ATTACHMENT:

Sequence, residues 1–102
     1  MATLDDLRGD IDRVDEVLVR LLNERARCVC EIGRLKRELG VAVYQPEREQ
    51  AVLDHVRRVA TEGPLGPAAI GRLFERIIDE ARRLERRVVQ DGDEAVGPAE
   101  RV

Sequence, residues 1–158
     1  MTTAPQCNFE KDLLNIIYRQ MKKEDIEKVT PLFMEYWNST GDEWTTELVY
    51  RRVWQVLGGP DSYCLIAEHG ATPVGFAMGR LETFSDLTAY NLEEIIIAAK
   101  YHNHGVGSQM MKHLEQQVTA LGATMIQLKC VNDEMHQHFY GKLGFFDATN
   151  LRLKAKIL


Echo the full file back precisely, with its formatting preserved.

Sequence, residues 1–102
     1  MATLDDLRGD IDRVDEVLVR LLNERARCVC EIGRLKRELG VAVYQPEREQ
    51  AVLDHVRRVA TEGPLGPAAI GRLFERIIDE ARRLERRVVQ DGDEAVGPAE
   101  RV

Sequence, residues 1–158
     1  MTTAPQCNFE KDLLNIIYRQ MKKEDIEKVT PLFMEYWNST GDEWTTELVY
    51  RRVWQVLGGP DSYCLIAEHG ATPVGFAMGR LETFSDLTAY NLEEIIIAAK
   101  YHNHGVGSQM MKHLEQQVTA LGATMIQLKC VNDEMHQHFY GKLGFFDATN
   151  LRLKAKIL